Likewise, buttermilk soups are served chilled. Her Cool Cucumber Soup, which tastes like a spoonful of summer, can be served in shot glasses for easy entertaining.

Cool Cucumber Soup
“You want to use the best buttermilk you can find for recipes like that, where the flavor of the buttermilk really stands out,” said Moose, who also provides directions for Butternut Squash and Roasted Red Bell Pepper soups. “These really are luscious, and much nicer that eating a cold cream-based soup – which feels heavy to me. With buttermilk, you wind up with something very refreshing and much lighter.”

Buttermilk begins with an accessible take on the science behind how this magical ingredient works with leavening to increase the rise and tenderness of baked goods. “It does amazing things, especially with biscuits, quick breads and cakes,” she said. “Even using your basic supermarket buttermilk, you’ll detect an appealing tang that you just don’t get from anything else.”

Moose was hard-pressed to pick a favorite among the 50 recipes featured in the slim volume but conceded that Bananaville Bread – spiked with a splash of dark rum – is something she makes all the time.

“It wasn’t intentional, but I seem to have created something of a niche for myself in single-topic books,” chuckled Moose, whose previous work includes comprehensive takes on other Southern themes, including deviled eggs, potato salad and wings. “It’s a great mental challenge because you have this one ingredient and you strive to so see how many things you can make.”
Moose succeeds on several counts here, notably with Tex-Mex Corn Pudding, Lavender Ice Cream and BBB Scones (buttermilk, buckwheat flour and bacon). She’s quick to give credit for “most unusual” to the Vanderbilt Fugitive, a cocktail served at the Anvil Bar &Refuge in Houston.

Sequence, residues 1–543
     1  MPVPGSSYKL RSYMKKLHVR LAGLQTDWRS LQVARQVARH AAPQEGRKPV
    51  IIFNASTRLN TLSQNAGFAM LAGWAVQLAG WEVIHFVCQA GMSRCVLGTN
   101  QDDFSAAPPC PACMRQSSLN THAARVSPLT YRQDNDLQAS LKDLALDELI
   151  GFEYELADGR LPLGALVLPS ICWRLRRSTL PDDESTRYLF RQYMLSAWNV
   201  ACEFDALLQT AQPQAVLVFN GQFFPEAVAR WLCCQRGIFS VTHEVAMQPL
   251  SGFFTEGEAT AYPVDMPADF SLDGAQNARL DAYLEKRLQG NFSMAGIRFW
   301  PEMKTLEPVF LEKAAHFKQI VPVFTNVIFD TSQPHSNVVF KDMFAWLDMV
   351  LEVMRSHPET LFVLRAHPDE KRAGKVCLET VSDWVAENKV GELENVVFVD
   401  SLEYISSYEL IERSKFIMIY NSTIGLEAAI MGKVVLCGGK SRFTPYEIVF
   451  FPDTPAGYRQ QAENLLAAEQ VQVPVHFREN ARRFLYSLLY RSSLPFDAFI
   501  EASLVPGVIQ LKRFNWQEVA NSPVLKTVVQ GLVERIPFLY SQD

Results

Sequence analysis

“It’s fun to see if you can come up with something no one else thought of, but my hat’s off to these guys,” she said. “To me, this really exemplifies how creative you can be with buttermilk – and why people ought to give it another chance.”

Recipes reprinted with
permission from Buttermilk,
a Savor the South Cookbook
by Debbie Moose; © 2012 UNC Press

The Vanderbilt Fugitive
Makes 1 serving

1¾ ounce El Dorado 5 Year Old Demerara Rum
1 ounce buttermilk
½ ounce Chartreuse
½ ounce Averna Amaro liquer
½ ounce maple syrup
Freshly grated nutmeg, for garnish

Combine all ingredients with ice in a cocktail shaker and shake for at least 2-3 minutes, allowing the cocktail to expand in volume. Strain into a collins glass containing more ice cubes. Garnish with freshly grated nutmeg.

Lavender Ice Cream
Makes about 1 pint

½ cup heavy cream
1½ cups buttermilk
¾ cup sugar
2 teaspoons dried lavender buds

In a large bowl, whisk together the cream, buttermilk and sugar until the sugar is dissolved. Stir in the lavender. Cover and refrigerator for 12 hours (or longer if you want a stronger lavender flavor).

Strain out the lavender and discard it. Freeze the cream mixture according to your ice cream maker’s instructions.